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Home:Equine Diseases:Fistulous Withers

Equine Diseases - Fistulous Withers



Fistulous withers is a chronic inflammatory skin disease characterised by pus-filled wounds and swelling on the horse's withers. The swelling is called a fistula and the withers are the highest part of the horse's back.

Fistulous withers is the term also used to describe any severe withers skin condition.

The organism Brucella Abortus, normally found in cattle, is the main cause of fistulous withers. The organism enters the horse's body through an orifice i.e. the mouth, nose or eyes, or through broken skin.

A similar type of inflammation, known as poll evil, occurs where the top of the neck joins the head.


Some of the following symptoms will indicate the presence of fistulous withers.


  • Swelling of the withers
  • Heat in the withers
  • Holes and tracts in the withers
  • Build up of fluid at the withers
  • Drainage in the form of a yellow/clear ooze
  • Signs of fever and pain
  • Sinus infection type symptoms
  • Harness sores
  • Hair loss


The main causes of Fistulous Withers are

  • Infection - mainly through the organism Brucella Abortus found near cattle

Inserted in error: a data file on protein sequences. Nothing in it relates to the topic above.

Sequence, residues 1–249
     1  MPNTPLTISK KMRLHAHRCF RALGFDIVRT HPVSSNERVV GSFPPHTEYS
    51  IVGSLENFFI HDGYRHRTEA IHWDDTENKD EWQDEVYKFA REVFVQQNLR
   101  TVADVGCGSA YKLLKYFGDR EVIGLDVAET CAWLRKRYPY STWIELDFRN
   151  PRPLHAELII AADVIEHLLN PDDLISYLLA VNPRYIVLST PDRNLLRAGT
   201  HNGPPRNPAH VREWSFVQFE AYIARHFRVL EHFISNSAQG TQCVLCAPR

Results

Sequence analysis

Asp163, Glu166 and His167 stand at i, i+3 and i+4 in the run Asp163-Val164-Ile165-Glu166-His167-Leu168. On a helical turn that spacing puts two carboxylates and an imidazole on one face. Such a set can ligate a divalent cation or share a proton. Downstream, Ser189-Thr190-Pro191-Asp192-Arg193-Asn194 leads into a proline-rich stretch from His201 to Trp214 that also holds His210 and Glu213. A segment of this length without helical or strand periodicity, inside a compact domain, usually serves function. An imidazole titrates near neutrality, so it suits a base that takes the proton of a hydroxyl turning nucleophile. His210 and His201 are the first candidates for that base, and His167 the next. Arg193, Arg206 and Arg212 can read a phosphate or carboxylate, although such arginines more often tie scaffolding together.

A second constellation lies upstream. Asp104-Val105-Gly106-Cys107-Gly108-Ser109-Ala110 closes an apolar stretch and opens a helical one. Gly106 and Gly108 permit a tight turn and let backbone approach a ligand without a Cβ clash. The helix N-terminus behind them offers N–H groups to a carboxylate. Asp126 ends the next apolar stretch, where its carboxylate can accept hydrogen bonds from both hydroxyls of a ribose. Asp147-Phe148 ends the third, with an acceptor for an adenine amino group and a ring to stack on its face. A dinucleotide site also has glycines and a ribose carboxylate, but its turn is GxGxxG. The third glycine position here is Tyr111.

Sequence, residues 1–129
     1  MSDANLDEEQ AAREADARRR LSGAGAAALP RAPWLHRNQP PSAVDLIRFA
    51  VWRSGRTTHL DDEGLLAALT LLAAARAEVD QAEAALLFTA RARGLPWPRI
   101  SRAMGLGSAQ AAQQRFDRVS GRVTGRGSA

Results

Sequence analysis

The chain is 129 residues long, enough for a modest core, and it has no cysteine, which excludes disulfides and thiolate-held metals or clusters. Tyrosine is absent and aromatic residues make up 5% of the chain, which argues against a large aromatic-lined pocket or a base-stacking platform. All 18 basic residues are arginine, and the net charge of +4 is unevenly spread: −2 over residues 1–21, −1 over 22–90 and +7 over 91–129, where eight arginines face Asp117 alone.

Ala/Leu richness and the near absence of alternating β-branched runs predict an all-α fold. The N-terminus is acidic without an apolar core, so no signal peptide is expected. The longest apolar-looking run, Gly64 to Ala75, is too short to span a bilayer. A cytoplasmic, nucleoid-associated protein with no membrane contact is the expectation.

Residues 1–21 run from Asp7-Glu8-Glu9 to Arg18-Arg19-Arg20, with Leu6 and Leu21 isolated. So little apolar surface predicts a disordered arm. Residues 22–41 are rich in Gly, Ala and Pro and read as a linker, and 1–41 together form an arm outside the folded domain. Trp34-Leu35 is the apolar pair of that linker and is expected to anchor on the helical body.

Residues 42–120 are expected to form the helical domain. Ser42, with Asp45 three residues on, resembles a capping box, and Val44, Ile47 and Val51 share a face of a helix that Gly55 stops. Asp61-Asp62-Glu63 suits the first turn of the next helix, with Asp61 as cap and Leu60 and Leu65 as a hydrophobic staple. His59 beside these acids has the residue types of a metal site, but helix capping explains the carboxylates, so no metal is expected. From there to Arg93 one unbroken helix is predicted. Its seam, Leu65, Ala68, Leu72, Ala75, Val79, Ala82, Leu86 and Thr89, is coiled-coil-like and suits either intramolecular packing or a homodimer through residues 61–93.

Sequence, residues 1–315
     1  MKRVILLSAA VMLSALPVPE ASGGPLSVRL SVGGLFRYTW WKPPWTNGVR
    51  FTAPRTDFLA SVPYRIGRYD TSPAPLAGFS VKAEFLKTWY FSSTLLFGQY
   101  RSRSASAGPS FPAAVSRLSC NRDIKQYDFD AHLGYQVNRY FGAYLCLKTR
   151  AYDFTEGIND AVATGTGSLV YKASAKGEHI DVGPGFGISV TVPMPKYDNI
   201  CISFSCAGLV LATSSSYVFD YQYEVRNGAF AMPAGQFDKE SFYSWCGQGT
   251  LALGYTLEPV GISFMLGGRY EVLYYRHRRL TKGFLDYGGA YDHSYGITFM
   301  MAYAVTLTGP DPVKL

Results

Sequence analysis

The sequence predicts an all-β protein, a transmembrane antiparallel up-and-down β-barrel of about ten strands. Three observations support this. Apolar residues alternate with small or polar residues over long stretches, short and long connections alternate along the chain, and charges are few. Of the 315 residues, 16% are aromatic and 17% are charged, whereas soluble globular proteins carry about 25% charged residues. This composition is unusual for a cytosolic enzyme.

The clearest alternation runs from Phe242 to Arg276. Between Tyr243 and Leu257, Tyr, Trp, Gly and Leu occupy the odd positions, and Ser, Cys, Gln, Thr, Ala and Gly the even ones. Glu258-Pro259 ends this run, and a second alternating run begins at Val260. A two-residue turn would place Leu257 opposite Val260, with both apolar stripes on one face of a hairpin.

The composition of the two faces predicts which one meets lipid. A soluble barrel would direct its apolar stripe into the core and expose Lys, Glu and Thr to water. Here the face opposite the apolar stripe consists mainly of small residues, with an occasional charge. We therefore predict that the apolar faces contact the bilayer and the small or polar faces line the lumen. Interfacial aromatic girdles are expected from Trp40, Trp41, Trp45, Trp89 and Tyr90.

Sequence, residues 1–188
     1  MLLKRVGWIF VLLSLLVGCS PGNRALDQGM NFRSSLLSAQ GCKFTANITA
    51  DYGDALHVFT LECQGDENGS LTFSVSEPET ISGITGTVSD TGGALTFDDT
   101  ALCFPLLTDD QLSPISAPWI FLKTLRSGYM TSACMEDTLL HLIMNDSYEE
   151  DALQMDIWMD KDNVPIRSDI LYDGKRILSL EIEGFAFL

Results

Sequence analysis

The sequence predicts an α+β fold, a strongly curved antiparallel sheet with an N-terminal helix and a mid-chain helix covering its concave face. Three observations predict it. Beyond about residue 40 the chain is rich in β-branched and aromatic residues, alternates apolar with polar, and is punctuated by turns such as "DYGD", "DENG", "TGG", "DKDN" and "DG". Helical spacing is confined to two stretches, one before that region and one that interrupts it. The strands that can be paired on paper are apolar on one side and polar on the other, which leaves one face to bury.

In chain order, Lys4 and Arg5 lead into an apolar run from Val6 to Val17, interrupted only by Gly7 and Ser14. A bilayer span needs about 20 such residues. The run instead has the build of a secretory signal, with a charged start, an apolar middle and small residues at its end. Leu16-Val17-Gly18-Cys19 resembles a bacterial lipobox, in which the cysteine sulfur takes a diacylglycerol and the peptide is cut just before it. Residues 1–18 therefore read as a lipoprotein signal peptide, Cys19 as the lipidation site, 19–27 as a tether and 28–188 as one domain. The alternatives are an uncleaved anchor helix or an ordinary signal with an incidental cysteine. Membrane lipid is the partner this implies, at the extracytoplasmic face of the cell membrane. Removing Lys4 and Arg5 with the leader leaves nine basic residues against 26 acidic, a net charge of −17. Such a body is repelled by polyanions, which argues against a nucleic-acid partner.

• Parasites
  • Trauma to the area
  • Ill-fitting saddles
  • Overwork,
  • Overloading
  • Badly balanced loads


Be sure to contact your vet immediately you come across any of the symptoms of fistulous withers.

Treatment is difficult because of poor drainage in the shoulder area. Your vet will probably want to take a blood sample to see how severe the condition is and determine the cause.

Surgery to remove the infected tissue together with antibiotics such as clofazimine or oxytetracycline, which are particularly effective against Brucella organisms, is the most treatment for fistulous withers.

Your horse should not be ridden until healing is complete. Nothing should be put on his shoulder area and you should try to exercise him without tack.

Heavy loads and uneven road surfaces should be avoided.

You must ensure that your horse's saddle is a correct fit. It should be well balanced. It should have most of its weight distributed evenly across the horses back and not tilt forwards or backwards. It should never rest on the withers or spine as these areas do not bear pressure well.

Try to ensure your horse‘s stable is a “shoulder injury free area”!